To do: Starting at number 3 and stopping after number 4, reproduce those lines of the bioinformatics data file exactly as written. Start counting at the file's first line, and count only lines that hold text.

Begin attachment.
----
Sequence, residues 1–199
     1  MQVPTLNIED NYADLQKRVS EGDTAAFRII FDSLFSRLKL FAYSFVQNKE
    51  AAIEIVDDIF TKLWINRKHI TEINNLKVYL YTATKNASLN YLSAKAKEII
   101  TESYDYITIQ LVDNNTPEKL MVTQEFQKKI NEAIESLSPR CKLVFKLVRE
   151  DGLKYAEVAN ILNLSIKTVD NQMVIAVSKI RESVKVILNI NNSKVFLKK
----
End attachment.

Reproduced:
    51  AAIEIVDDIF TKLWINRKHI TEINNLKVYL YTATKNASLN YLSAKAKEII
   101  TESYDYITIQ LVDNNTPEKL MVTQEFQKKI NEAIESLSPR CKLVFKLVRE